Why can't we just use "ever" or "at all" in any sentence we want? What do we have to change about how a sentence works to let words like those in? In this episode, we talk about negative polarity items, or NPIs: when they can show up, why their name ismisleading, and how changing what a sentence entails changes everything for these little terms.
Why do so many words and sentences have multiple meanings? How do we deal with all of the overlaps? In this episode, we talk about ambiguity: where it comes from, how we deal with processing it, and how children pick meanings from the menu of semantic possibilities they're presented with.
How do we put our words together? What varieties of building blocks do we stack up to create bigger meanings? In this episode, we talk about derivational and inflectional morphology: what roles each of them play, how to tell them apart, and how differences in how we string them together can lead to ambiguity.
Why do different languages slot their words into sentences in different sequences? Do the subjects of sentences have to start off at the beginning of the sentence? In this episode, we talk about word order and the Verb Phrase-Internal Subject Hypothesis, or VPISH: how much variation in orders we see across languages, why having the subject start out lower down in the syntactic tree helps us capture these differences, and what other evidence we have that the subject might not start exactly where it appears.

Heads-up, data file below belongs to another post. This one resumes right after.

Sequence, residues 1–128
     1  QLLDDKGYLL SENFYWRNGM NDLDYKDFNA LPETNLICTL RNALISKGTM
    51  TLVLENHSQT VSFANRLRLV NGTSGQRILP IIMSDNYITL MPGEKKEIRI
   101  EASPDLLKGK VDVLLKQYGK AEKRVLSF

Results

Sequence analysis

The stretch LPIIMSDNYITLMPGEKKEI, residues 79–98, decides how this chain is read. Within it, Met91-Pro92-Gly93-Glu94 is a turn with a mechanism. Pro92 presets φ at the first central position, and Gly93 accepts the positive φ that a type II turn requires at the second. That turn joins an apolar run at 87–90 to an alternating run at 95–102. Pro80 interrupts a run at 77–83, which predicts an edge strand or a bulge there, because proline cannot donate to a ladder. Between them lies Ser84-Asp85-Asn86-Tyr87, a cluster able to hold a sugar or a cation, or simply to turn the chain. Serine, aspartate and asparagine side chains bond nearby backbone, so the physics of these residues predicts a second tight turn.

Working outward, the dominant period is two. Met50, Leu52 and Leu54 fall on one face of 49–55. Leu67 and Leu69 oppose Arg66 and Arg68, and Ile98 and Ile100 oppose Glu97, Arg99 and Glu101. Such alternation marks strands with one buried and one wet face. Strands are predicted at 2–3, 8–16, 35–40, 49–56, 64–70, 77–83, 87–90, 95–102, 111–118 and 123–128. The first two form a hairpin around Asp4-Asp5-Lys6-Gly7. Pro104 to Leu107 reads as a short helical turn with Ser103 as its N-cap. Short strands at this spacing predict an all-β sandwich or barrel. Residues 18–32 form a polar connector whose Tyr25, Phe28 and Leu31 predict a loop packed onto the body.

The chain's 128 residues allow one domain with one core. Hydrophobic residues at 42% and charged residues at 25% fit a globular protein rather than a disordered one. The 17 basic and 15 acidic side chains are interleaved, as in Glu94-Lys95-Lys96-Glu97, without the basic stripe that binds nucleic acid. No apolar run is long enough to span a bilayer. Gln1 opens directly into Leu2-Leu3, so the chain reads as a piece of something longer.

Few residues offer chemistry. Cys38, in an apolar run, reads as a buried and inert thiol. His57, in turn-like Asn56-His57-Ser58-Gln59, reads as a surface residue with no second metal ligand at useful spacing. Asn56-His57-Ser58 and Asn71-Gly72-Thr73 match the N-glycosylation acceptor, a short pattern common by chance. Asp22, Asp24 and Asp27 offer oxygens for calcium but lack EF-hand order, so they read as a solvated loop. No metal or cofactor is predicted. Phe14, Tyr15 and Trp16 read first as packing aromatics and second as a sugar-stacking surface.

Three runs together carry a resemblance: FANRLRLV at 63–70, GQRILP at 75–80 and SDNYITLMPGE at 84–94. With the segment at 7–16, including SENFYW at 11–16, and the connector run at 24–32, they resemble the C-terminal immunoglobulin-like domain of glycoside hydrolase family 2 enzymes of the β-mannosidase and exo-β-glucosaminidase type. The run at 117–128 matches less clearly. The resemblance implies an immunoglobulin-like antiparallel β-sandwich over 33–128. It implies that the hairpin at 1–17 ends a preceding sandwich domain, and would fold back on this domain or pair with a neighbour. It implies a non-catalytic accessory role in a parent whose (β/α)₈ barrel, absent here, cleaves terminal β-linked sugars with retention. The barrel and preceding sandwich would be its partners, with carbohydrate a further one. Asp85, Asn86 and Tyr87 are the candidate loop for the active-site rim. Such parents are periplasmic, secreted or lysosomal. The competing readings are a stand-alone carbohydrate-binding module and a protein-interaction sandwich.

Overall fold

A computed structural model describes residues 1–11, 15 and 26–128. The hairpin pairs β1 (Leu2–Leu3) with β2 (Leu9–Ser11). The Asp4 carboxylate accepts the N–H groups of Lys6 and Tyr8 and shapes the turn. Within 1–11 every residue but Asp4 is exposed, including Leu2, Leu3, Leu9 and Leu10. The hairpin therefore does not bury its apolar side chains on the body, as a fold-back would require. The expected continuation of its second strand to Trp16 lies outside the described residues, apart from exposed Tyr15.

How do we wade through hissing or silence to tell consonants apart? Which cues do we grab onto to get us on top of these sound waves? In this episode, we take a look at obstruent acoustics: how they differ from vowels or other sonorous sounds, how the way we make fricatives influences the way they sound to us, and how we latch onto lightning-quick changes to tell us what stop we just heard.
How can we capture the meanings of transitive sentences? How do we match our syntax trees to our semantics? In this episode, we talk about lambda calculus: why we need it to explain what our other semantic machinery can't, how to work out its math, and what it can show us about how words move around in sentences.
What kinds of words are off-limits in different languages? How deeply does profanity affect us? In this episode, we talk about taboo language and euphemisms: how they work, when we're allowed to use what, how psychologically deep they go, and why we can't run on the same euphemisms forever.
How much meaning is there just in sounds? How much are words alike across languages? In this episode, we talk about the arbitrariness of the sign: how our sounds don't have to connect to the meanings they do, how much cases like onomatopoeia serve as a counter to the random matching of words, and whether individual sounds or syllables carry their own semantic punch.
How do we know what questions we can ask? What keeps us from moving words around into whatever order we want? In this episode, we talk about syntactic islands: what they are, what rules can allow us to move some words across long distances in a sentence and not others, and what evidence we have from different languages to back these rules up.
How does our speech affect the world around us? How can we measure the changes that our words make? In this episode, we take a look at performative language: what you need for your words to work their magic, what different parts make up our speech acts, and how our word choices can change the way we perceive and remember events.